“With the budget being presented this week, we need to have the new state Comptroller in place immediately,” Kolb said. “The selection panel was a fresh alternative to the usual business of ‘three men in a room’ and we should work off that momentum and make our choice Tuesday.”
Normally the Comptroller is chosen every four years, but a vacancy was made when Alan Hevesi resigned as part of a plea deal in connection with illegally using a state worker as a personal chauffeur for his wife. The state Constitution calls for a new Comptroller to be selected by the Legislature to serve out the remainder of the vacated term; in this case just less than four years.
But Assemblyman Kolb believes this system is antiquated and he is calling for a new method of filling such a vacancy, by means of a special election.
“The next step to take is to do away with the current method of appointment and opt for a special election in the event of a vacancy of either state Comptroller or Attorney General. I am supporting such a measure in the call for greater accountability because someone in such an office should always be beholden to the voters instead of politicians.”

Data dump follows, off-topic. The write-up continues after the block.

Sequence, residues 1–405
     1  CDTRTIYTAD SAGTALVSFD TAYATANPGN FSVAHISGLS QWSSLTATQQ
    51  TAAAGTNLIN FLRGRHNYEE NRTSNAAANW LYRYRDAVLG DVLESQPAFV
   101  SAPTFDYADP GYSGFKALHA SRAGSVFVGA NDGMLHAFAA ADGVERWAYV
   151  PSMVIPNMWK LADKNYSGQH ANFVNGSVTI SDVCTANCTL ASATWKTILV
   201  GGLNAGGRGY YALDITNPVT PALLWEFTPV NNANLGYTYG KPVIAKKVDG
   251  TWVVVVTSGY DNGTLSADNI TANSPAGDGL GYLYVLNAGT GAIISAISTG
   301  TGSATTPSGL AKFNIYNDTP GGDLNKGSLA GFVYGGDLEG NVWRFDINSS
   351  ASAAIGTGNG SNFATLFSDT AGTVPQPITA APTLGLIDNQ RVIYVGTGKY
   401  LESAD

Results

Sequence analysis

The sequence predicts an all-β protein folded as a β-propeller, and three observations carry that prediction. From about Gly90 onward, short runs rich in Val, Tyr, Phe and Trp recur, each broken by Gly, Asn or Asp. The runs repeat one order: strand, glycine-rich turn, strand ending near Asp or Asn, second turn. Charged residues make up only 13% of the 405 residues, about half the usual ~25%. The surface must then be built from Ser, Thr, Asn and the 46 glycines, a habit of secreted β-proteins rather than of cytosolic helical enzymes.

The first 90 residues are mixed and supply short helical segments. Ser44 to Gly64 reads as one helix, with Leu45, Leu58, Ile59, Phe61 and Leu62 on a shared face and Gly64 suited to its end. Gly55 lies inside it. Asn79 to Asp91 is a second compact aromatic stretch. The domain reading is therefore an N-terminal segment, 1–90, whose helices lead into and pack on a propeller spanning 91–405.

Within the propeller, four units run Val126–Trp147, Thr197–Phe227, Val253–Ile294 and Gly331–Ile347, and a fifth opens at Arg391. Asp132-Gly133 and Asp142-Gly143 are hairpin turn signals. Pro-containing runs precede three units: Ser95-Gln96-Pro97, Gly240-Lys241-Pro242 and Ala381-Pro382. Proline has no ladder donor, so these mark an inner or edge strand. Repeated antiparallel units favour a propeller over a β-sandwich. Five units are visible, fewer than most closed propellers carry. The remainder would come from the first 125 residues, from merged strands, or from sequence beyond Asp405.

Such a change would require a constitutional amendment, which Kolb acknowledges may take some time, but he notes the accountability that would come from such a change would be “well worth the discussion and debate. Therefore I am going to work with my legislative colleagues to advocate for this reform.”